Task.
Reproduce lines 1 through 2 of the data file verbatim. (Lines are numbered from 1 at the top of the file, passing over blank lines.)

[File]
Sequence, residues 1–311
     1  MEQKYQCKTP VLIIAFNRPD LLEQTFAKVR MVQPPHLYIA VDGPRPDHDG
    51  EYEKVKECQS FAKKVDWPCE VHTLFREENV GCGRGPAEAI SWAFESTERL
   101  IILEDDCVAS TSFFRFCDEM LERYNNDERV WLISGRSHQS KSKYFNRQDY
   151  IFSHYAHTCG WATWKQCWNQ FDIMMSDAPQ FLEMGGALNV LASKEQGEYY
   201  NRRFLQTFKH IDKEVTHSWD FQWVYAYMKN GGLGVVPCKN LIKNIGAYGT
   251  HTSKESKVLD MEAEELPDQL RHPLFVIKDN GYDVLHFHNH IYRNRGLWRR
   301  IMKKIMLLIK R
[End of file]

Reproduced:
Sequence, residues 1–311
     1  MEQKYQCKTP VLIIAFNRPD LLEQTFAKVR MVQPPHLYIA VDGPRPDHDG